This reading discusses the interesting relationship between human design and computing, providing some interesting theories as to why computational design is seemingly misunderstood. Architects are slow to adapt to the increasing use of technology, but it is because we see algorithmic architecture as too many defined variables when we are so used to "vague, indefinite, and uncertain" design. We don't understand the complx nature of the processes, and "cannot implement them in a meaningful way in design." Our ongoing struggle with working with engineers is much more obvious, for they look for rational consistency when we fight for creativity and resourcefulness. We need to have an open-ended design process, so that any changes in design are not hard to adapt. Architects think that computer aided design impedes this fluidity in the design process, when we are really just understanding how it works all wrong. It is possible for the world of science and the arts to coexist, as long as we understand the principles of design and how to appropriately apply them. We should give algorithmic architecture a chance, because when used properly, we will "open a portal into another world new to the human mind" and explore a much larger range of design possibilities.

Sunday, March 16, 2014

P007 - unfolding

Here's my unfolding, along with small variations to the height factor and original framework

Mark Burry - Models, Prototypes and Archetypes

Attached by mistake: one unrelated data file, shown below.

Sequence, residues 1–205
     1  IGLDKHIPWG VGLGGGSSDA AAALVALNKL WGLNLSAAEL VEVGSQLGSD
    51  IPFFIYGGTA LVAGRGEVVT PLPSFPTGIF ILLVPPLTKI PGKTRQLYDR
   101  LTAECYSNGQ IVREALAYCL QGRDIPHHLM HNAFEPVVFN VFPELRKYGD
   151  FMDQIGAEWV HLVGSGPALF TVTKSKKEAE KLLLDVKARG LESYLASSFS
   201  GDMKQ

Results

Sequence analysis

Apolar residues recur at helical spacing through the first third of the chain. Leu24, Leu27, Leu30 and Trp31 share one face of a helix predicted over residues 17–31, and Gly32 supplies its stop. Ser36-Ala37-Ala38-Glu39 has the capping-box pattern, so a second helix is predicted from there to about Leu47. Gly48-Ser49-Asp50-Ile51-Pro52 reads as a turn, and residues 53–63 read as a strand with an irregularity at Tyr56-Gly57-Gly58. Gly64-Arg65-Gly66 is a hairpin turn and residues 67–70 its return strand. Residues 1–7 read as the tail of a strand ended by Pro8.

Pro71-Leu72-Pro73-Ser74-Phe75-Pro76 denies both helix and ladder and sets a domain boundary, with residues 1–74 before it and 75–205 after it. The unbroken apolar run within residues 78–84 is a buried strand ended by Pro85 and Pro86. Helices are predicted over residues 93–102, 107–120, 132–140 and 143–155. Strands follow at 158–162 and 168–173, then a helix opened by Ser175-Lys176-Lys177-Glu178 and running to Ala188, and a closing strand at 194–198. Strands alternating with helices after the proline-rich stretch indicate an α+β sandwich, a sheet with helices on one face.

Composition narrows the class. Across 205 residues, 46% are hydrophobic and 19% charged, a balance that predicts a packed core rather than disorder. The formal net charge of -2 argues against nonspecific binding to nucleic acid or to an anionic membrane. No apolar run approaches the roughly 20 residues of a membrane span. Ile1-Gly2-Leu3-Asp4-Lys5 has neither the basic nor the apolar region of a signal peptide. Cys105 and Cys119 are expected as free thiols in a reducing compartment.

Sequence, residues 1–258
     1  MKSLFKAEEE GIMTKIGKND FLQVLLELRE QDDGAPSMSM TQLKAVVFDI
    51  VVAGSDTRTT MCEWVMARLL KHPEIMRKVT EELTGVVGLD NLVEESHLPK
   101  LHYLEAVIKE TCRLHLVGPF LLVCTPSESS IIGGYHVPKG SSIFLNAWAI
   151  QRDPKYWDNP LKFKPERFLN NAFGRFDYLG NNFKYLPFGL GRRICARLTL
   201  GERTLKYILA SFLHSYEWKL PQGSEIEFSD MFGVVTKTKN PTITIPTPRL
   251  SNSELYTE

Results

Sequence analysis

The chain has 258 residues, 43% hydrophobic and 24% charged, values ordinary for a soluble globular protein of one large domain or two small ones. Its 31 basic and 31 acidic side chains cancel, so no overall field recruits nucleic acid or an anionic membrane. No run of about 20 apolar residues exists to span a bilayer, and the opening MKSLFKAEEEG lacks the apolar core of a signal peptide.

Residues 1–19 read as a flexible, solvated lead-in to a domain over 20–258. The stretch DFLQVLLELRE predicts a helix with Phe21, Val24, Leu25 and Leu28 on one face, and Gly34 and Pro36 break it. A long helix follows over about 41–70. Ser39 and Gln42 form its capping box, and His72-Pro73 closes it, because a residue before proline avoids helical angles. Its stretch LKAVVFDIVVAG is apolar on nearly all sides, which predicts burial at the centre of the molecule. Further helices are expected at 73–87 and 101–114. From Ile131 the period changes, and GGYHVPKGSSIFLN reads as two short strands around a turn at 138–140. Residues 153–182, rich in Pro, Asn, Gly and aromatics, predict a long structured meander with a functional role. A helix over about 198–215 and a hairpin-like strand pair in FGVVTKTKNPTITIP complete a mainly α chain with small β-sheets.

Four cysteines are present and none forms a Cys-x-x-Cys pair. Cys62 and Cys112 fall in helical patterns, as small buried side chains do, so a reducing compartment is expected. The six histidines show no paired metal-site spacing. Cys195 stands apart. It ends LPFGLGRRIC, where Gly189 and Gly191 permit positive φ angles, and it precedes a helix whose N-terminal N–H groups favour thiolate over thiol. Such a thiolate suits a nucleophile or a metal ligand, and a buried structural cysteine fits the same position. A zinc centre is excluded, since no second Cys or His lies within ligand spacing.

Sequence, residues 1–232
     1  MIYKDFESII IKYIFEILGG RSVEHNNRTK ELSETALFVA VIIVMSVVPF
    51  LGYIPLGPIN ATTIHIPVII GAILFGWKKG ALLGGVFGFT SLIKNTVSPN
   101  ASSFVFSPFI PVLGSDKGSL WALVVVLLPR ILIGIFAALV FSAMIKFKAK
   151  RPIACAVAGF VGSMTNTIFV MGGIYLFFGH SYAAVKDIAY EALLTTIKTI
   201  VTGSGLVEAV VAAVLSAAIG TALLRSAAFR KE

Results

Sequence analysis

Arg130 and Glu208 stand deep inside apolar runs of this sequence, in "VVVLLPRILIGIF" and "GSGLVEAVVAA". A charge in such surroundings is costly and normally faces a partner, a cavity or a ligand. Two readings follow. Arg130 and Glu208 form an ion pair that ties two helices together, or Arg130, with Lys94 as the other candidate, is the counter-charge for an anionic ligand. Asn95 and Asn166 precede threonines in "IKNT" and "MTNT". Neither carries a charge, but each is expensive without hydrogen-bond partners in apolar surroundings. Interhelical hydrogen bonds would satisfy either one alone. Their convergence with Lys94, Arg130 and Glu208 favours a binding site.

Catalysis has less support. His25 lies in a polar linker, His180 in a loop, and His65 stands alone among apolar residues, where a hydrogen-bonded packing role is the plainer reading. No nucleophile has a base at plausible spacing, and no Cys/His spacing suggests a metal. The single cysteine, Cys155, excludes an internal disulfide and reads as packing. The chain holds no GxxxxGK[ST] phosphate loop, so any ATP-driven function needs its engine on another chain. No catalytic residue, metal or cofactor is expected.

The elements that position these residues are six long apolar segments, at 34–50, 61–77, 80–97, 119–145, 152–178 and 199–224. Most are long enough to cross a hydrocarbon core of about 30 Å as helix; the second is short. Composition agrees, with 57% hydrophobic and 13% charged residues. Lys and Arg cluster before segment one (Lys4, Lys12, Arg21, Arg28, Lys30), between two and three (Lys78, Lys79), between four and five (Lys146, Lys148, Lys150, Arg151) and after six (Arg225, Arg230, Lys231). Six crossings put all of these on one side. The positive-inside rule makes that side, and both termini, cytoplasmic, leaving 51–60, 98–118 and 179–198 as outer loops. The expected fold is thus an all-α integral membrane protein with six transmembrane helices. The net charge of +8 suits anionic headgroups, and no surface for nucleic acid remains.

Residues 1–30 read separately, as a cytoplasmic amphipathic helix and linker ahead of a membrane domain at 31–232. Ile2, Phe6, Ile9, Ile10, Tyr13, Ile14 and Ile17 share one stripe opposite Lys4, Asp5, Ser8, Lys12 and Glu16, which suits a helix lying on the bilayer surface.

"Specifically, just as we begin to resolve the model's diverse role as part of the architect's design repertoire, we are confronted with new dilemmas: the model as model, as prototype, and as archetype."

This reading discusses the relationship of digital modeling, prototyping, and models, specifically as they are applied to Gaudi's Sagrada Familia. Having the ability to make full-scale prototypes is extremely valuable, although smaller scale projects might not necessarily have that kind of budget. Models like the classic hanging chains are perfect for these situations, as they can inform the physical nature of the building without a full-scale construction. While it is not as common for models to inform us as much as a full-scaled prototype, they can't be written off as invaluable in the process of fabrication from a digital model.

Sunday, March 9, 2014

P006 - powercopies - annie locke


This is the story of all the errors...

Everything going alone fine... then:

FIRST: didn't make input and framework different geometrical sets. Bad news bears.